More States Authorizing the Use of Overdose Fatality Review Teams

August 23, 2018 | ASTHO Staff

Overdose fatality reviews allow states to examine and understand the circumstances surrounding fatal drug overdoses. Review teams can uncover the individual and population factors and characteristics of potential overdose victims. Knowing the who, what, when, where, and how of fatal overdoses provides a better sense of the strategies and coordination needed to prevent future overdoses and results in the better allocation of overdose prevention resources and services.

As of August 2018, nine states (Arizona, Delaware, Maryland, New Hampshire, Oklahoma, Pennsylvania, Rhode Island, Virginia, and West Virginia) have authorized the review of fatal drug overdoses. The Network for Public Health Law provides a good overview of the states that had review teams at the end of 2017 (AZ, DE, MD, NH, PA, and WV). Since then, three other states enacted laws to establish overdose fatality reviews [OK (HB 2798), RI (S 2577 and H 7697), and VA (SB 399)], and two states amended their laws: DE (HB 211) and AZ (HB 2038). The laws establishing fatal overdose reviews often include the entity authorized to create and manage the review team or committee, the membership requirements for teams or committees, the scope of work of the teams or committees, confidentiality and liability protections, and data access authorizations.

State laws vary as to what entity is authorized to create and manage the overdose review teams. Virginia, Maryland, and Arizona authorize counties and/or cities to establish overdose fatality review teams. In Rhode Island, the state medical examiner establishes the review team while Oklahoma houses the review board in the state’s department of mental health and substance abuse services. The state health departments in Arizona and West Virginia are also responsible for creating and overseeing review teams, while Delaware established a Drug Overdose Fatality Review Commission to create three regional review teams.

Designated members of the review teams and committees also vary among states. Membership requirements often include representatives of state or local agencies, such as social services, public health, law enforcement, behavioral health, prosecutors, judiciary and corrections, the education system, tribes, various healthcare disciplines (e.g., primary care, addiction, forensic), emergency medical services, hospitals, funeral services, attorneys, individuals in recovery, and recovery service providers.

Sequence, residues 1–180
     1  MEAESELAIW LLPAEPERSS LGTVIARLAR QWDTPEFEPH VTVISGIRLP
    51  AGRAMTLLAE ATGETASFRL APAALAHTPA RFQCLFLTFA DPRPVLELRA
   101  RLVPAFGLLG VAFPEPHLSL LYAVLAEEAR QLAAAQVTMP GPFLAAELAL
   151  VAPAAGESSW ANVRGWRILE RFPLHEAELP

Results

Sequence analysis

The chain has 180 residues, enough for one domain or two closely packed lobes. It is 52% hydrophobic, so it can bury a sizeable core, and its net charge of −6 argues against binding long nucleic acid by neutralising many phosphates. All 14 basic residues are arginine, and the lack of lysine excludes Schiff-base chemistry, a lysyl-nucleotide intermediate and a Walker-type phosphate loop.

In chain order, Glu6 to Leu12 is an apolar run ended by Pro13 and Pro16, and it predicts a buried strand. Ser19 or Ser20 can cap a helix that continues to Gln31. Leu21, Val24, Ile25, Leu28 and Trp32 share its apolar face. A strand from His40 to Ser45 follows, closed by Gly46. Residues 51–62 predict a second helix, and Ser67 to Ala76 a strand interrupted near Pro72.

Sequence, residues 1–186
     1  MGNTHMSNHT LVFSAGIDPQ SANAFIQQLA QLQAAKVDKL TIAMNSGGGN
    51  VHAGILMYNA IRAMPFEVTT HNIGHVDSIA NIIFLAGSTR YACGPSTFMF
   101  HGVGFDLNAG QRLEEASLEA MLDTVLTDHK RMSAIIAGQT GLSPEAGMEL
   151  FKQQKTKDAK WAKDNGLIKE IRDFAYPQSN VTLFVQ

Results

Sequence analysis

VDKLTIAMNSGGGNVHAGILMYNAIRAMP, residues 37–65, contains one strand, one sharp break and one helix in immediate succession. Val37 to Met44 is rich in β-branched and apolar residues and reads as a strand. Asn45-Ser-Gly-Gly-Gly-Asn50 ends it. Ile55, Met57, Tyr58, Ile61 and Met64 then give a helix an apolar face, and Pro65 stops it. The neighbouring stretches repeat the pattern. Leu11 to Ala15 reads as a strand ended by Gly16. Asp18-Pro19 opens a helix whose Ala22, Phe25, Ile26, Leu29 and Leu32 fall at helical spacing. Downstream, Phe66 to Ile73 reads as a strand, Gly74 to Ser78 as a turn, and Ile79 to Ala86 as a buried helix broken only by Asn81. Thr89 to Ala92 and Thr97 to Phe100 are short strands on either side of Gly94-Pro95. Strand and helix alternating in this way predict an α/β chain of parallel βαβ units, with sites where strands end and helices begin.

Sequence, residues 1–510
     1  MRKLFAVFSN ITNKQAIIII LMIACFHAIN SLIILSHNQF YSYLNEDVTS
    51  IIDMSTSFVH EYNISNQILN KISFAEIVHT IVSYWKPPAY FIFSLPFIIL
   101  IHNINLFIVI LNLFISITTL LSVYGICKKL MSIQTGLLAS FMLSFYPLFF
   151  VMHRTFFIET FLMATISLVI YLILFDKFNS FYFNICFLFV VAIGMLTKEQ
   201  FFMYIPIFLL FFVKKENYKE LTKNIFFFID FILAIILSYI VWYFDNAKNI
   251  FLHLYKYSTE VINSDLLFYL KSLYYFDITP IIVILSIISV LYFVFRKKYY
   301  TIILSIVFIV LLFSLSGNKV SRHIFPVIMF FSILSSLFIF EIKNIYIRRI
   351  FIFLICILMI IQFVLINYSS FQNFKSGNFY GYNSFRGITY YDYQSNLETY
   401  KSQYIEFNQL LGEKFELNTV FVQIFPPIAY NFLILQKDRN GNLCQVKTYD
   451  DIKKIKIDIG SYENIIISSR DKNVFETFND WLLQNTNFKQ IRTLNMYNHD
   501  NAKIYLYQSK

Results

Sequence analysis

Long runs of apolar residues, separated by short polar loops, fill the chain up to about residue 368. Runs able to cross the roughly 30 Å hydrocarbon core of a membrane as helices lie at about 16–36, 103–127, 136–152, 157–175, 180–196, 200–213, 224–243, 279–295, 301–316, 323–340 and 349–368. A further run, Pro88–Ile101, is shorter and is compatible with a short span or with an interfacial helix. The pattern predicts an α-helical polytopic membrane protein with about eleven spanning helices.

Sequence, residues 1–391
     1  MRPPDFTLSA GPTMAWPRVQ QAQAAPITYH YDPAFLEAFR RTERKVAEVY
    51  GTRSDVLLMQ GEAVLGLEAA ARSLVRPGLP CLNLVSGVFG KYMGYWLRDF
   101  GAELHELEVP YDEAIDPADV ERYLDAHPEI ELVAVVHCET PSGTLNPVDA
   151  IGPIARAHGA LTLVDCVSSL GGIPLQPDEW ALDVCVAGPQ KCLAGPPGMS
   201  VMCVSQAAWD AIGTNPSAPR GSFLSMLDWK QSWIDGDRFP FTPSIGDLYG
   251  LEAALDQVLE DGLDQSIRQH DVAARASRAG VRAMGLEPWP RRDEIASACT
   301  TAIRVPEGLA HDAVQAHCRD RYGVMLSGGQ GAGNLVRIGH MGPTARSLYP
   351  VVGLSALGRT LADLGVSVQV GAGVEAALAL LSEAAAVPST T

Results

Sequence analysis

Most of the state review teams have authority to review overdose deaths within their jurisdiction involving any drug; however, a few states limit the types of drug overdoses to be reviewed. The Delaware review teams are authorized to review overdose deaths involving opiates, heroin, or fentanyl; the review is limited to methadone-related deaths in Pennsylvania; and West Virginia’s review team may examine unintentional overdose deaths related to prescription or pharmaceutical drugs. Beyond the review of drug overdose deaths, the review teams and committees are often responsible for reporting their findings to the governor and/or state legislature, creating state and local overdose death databases, and recommending changes to state laws and/or agency practices.

Confidentiality requirements are another key feature of state overdose fatality review laws. The work products and records being reviewed by the teams are not subject to disclosure and may be excluded from the state’s freedom of information laws. Many of the laws also require that any discussion of individual overdose deaths be conducted in executive or closed session. The members of the review teams and committees are also often provided immunity from civil and/or criminal liability for activities related to their review work. 

Finally, some of the state laws clearly specify the records the review teams and committees are authorized to access. For example, Oklahoma’s law authorizes its review board to request and obtain “a copy of all records and reports pertaining to an adult whose case is under review,” including the medical examiner’s report, hospital records, school records, court records, vital records, medical and dental records, mental health records, and more. Delaware amended its law to grant its review teams access to data in the state’s prescription drug monitoring program and mental health and substance abuse records. Arizona also clarified its law to allow local review teams to access unredacted law enforcement reports.

The states establishing fatal overdose review teams are hopeful that the information provided by the reviews can be used to develop new and better strategies to address the opioid crisis. Providing the right scope of work, membership, and access to data needed to conduct a fatality review will be key to the success of these endeavors. ASTHO will continue to update its members on these and other developments.